21

When using JavaScript in the web browser is there any performance difference between the following:

Existing getElementById

document.getElementById("elem");

Query Selector using #id

document.querySelector("#elem");

Query Selector using [id=elem]

document.querySelector("[id=elem]");

I'm assuming the first one will be fastest (only has to lookup elements with an ID). Also the final one looks like bad practice. I like the second one as using querySelector for everything makes the code easy to read.

Any suggestions?

  • 5
    Test it – PeeHaa Feb 23 '13 at 22:14
  • 2
    Here's a quick link to the specific test – Simply Kiwi Feb 23 '13 at 22:15
  • There is so many things which can influence this, how large is your DOM? How many child-parent-child nodes are their to traverse through in the DOM? Using the code in the question with a single element in the DOM makes no difference. Even the linked test is close to meaning-less. The question is more, when do you use which one? You can't use getElementById when looking for a class obviously but you can do document.querySelector(".myclass") – Nope Feb 23 '13 at 22:19
  • @FrançoisWahl: I think the OP specifically asked about ids. Obviously you would've used getElementsByClassName for classes. – Bergi Feb 23 '13 at 22:32
  • 9
    Why is this question closed as "not constructive"? I came here as a developer to find out which one of those is faster! – Placeholder Sep 5 '14 at 11:27
18

Firstly,

document.querySelector("#elem");

Has an advantage in the fact that, unlike document.getElementId, it can return classes. However, the usefulness of this is far diminished by the fact that it only returns the first object with that class name, so you might as well just use an id if you're not specifically looking for the first object with that classname. if you use,

document.querySelectorAll

However, I believe (I may be wrong), it returns all items with that classname as an array, where regular querySelector is equivalent to querySelectorAll[0]. One more advantage, is that you can run css3 queries through it, which can be quite useful.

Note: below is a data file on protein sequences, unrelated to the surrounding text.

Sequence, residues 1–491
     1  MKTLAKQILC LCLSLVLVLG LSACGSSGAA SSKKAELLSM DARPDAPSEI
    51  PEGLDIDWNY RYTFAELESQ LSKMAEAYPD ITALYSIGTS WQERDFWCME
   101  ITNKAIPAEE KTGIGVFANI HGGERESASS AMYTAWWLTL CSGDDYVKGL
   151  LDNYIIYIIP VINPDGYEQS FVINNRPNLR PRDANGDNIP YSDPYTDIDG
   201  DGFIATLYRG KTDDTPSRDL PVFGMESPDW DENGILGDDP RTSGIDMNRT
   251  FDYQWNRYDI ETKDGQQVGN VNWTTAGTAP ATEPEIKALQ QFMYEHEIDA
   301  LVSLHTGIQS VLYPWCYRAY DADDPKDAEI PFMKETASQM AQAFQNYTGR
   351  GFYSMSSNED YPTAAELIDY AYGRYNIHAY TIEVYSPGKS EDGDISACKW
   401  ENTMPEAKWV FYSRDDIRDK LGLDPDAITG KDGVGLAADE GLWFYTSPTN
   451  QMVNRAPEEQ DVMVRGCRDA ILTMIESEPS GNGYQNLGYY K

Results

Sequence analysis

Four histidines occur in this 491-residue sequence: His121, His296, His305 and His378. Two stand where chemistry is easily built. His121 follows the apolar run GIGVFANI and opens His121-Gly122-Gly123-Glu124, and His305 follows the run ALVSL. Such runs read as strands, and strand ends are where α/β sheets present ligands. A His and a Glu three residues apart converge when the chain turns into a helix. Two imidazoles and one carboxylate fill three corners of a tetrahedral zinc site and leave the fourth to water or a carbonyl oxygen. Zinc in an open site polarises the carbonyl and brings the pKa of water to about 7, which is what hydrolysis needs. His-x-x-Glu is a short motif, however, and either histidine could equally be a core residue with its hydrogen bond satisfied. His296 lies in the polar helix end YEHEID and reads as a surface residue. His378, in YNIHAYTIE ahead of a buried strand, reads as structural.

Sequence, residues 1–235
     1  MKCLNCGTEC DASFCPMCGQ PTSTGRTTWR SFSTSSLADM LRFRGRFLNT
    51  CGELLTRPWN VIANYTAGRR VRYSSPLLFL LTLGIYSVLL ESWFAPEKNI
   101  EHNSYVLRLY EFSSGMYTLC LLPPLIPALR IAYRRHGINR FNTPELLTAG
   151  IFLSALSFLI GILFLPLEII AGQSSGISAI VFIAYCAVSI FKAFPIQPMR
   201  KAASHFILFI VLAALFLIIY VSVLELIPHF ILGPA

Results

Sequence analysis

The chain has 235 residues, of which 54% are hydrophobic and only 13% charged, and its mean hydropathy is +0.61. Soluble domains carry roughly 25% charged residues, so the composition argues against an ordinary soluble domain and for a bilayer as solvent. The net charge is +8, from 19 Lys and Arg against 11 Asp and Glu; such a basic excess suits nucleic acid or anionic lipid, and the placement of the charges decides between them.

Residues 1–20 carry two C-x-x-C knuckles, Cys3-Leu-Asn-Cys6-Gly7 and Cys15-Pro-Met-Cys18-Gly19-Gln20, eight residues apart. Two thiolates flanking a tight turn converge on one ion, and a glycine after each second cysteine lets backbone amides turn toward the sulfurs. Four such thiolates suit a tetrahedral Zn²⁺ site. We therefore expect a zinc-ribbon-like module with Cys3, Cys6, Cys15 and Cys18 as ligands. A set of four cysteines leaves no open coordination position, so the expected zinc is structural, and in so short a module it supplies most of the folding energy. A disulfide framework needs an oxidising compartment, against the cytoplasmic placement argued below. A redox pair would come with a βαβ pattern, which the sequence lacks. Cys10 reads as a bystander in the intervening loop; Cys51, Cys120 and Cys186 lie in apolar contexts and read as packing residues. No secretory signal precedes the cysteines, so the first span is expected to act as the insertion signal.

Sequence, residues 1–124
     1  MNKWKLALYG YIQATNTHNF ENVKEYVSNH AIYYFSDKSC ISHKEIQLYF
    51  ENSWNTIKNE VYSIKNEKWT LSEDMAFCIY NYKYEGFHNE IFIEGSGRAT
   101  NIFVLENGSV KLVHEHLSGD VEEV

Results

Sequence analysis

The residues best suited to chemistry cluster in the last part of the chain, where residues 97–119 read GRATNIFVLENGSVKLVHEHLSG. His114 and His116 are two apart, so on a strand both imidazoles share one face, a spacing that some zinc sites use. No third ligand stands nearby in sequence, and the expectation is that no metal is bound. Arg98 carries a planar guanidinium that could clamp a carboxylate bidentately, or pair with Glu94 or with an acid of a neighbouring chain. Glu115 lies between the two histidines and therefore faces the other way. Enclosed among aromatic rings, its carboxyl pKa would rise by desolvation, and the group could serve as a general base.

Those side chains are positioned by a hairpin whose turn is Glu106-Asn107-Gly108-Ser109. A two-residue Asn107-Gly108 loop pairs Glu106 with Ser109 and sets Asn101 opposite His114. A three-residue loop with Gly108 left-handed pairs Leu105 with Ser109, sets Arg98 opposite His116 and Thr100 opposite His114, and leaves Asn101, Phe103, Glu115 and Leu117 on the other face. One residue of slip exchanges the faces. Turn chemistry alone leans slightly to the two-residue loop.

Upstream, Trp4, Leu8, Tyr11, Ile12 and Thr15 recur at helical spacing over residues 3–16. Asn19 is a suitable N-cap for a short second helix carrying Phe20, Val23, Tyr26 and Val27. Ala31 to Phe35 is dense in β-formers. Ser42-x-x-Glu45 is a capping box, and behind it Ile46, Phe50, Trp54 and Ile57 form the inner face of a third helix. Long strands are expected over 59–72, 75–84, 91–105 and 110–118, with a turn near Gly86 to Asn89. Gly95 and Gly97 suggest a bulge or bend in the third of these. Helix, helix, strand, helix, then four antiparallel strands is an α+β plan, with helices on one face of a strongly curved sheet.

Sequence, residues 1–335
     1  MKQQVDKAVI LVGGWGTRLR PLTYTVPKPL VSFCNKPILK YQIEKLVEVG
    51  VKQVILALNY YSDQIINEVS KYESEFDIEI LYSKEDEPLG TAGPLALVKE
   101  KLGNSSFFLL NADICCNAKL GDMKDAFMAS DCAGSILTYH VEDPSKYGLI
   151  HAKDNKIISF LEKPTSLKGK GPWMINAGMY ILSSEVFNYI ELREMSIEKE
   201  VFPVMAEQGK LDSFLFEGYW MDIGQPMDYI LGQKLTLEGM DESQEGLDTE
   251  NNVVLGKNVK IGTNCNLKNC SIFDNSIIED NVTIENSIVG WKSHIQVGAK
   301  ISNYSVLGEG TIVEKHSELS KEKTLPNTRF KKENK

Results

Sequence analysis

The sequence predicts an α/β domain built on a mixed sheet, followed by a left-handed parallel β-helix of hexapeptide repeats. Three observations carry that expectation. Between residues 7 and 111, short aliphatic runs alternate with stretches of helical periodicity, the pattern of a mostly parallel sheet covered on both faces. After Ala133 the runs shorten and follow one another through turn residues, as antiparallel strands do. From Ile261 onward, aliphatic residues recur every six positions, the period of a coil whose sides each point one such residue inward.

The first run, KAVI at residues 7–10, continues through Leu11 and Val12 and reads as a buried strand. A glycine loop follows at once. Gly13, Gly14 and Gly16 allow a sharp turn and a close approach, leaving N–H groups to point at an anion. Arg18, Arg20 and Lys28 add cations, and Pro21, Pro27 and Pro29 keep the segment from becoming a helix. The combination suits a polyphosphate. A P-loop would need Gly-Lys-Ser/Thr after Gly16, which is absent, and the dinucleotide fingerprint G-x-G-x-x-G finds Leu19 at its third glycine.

Secondly,

document.getElementById("elem");

Has a very good advantage over queryselector in the sense that it is almost 5 times faster, so if you're sitting there with several thousand lines of code and you want to optimise said code, then getElementById is the way to go.

Lastly,

document.querySelector("[id=elem]");

I, personally, don't see the need to use this in any situation. If you needed a querySelector, why not just use a # ? This is exactly equivalent to your first example of querySelector, however it has a lot of useless charaters.

Edit: Just to be clear, in summary, you're probably better off using document.getElementById.

  • What do you mean by "it can return classes"? – Bergi Feb 23 '13 at 22:27
  • I mean, it can return classes: document.querySelector(".myclass"); – Bernie Feb 23 '13 at 22:32
  • 4
    Ah, you mean "it can return an element selected by class attributes". Of course, getElementsByClassName could do that as well. – Bergi Feb 23 '13 at 22:34
  • However, it has an advantage of over getElementsByClassName in the sense that it can also return id's, as document.getElementById can. – Bernie Feb 23 '13 at 22:35
  • Turns out [id=elem] could be useful when the id starts with a number, which is valid but requires escaping. – 3zzy Jun 11 at 14:03
4

You can test it yourself. getElementById is a fastest method

4

is there any performance difference

Probably, since they are different functions. querySelector at least needs to parse the selector before detecting that it's equal to getElementById. And I doubt this optimisation takes place for the attribute selector at all, no one uses it. So I share your assumptions; and tests confirm them (thanks to @Silver_Clash).

Personally I do not like the second one, as it is more ambiguous and awful to use with dynamic id values. Explicitly using getElementById is just more concise.

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